Monthly Archives: May 2022


Despite Biden Administration rhetoric to the contrary, the year-end federal market is shaping up to be one that is dominated by larger, experienced government contractors.  There are several reasons why this is the case, but these three should be on anyone’s list:

1.  A Slew of New Rules:  This newsletter highlights the addition of new acquisition rules and focus areas nearly every week.  Whether it’s a new rule on cybersecurity, environmental preference policies, increased Buy American standards, or vaccination requirements, the fact is that government contractors today are saddled with more burdens than they were two years ago.  Is it any wonder, therefore, that small businesses have left the market and are turning out to be tougher to attract?  While established contractors may not like new burdens, they are better able to adopt and adapt than small or new market entries.

2.  Established Contractors Are the Only Ones That Can Meet the Rules:  It’s not just that rules are costly for industry to implement, they limit the options available to federal buyers.  Buyers must ensure that contractors comply with Section 889 Part A & B telecommunications restrictions, have proper supply chain security mechanisms, source from approved countries, have approved affirmative action plans, and meet myriad other government-only requirements.  Risk-averse buyers routinely turn to companies that have experience in meeting specialized government mandates.  Innovation may have its place in parts of the market, but most buying is conducted with low-risk contractors that already have experience in adapting to government-only rules.

3. A Compressed Fiscal Year:  Congress did federal agencies no favors this year by essentially cutting the fiscal year in half.  A shortened fiscal year means that agencies must commit a sizeable amount of money quickly.  To whom do they turn?  Established companies who they know have the contracts and experience to respond quickly to RFP’s and RFQ’s.  There is little time this year to coach a new market entry on how to do business with the government.  Real missions have to be supported and critical new projects must be launched by the end of September.  Reliable, experienced partners are an obvious choice when time is tight.  While there will no doubt be small business success stories this year, as there are every year, market conditions this year undeniably favor larger, traditional contractors.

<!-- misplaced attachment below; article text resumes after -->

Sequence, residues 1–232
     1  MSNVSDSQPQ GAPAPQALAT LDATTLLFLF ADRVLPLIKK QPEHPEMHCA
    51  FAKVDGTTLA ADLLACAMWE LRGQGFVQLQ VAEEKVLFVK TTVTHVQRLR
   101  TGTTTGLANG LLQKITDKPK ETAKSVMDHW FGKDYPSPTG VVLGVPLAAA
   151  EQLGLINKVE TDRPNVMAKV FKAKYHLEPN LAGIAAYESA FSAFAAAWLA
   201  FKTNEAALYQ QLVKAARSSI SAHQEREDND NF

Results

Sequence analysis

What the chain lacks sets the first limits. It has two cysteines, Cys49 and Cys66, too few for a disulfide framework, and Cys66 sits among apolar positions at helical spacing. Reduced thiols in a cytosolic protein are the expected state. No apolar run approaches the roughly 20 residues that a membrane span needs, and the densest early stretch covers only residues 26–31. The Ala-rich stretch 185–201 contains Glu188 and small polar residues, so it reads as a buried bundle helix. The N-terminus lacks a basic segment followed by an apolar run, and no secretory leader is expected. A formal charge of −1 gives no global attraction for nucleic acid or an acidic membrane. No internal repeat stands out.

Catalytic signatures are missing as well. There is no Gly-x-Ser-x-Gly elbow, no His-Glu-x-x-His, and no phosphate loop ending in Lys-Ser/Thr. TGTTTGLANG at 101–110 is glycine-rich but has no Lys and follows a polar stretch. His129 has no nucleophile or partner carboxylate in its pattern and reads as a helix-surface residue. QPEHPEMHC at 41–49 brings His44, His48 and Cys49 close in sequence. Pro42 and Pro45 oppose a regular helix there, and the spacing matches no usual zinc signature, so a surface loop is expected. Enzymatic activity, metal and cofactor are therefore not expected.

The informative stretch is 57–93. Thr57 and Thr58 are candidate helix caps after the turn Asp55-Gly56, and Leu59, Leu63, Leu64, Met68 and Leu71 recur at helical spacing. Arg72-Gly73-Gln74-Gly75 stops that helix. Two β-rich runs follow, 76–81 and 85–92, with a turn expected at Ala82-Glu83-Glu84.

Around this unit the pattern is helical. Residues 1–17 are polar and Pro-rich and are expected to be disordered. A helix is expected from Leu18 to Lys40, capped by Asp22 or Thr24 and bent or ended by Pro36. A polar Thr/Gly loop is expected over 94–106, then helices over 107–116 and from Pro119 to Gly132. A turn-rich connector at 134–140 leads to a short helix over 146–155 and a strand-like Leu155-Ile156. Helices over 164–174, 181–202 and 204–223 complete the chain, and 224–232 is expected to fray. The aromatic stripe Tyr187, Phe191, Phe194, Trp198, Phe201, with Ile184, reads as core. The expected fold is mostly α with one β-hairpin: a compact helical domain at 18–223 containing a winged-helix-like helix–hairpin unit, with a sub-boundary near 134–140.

Federal IT leaders say that they plan to allocate all of the remaining $756 million in the Technology Modernization Fund (TMF) by the end of the current fiscal year.  That provides some good opportunities for contractors and their customers to propose projects for fund money.  The administration is also asking Congress for an additional $300 million for FY’23.  TMF projects are helping to modernize a variety of federal IT functions, but contractors can be forgiven if the issue of how fund money is used and the circumstances under which it has to be paid back are confusing.  The TMF was originally established as a revolving fund to help agencies modernize outdated IT and then pay the fund back from resulting savings so that other agencies could then make use of the money.  Inevitably, however, some agencies started pressing for access to funds for projects that could not show a discernable savings that would allow for fund reimbursement.  As a result, the Biden administration relaxed TMF repayment requirements last May for projects that cut across multiple agencies or involved cybersecurity improvements.  Now, contractors and their customers who want to access TMF funds not only have to create good proposals that stand out in a crowded field, but have to either specify how savings will be created to pay back the fund or create a case on why a project meets the criteria for non-payback.  The entire TMF idea has never achieved broad Congressional support, either, and concerns are growing on how money is being spent. “While the law does give latitude to the projects eligible for funding, recent awards exhibit a focus on other priorities such as customer experience and cybersecurity. It’s not that those projects are not important, but they do point to a shift away from the savings-based model intended in the law,” said Representative Andy Biggs (R-AZ) in a recent hearing.  All of this means that contractors need to prepare carefully for any proposal that would access TMF money.  The program is highly competitive and the money can be used to do good things.  Oversight and fund restrictions, however, mandate that each contractor do their homework before pursuing this route with their customer.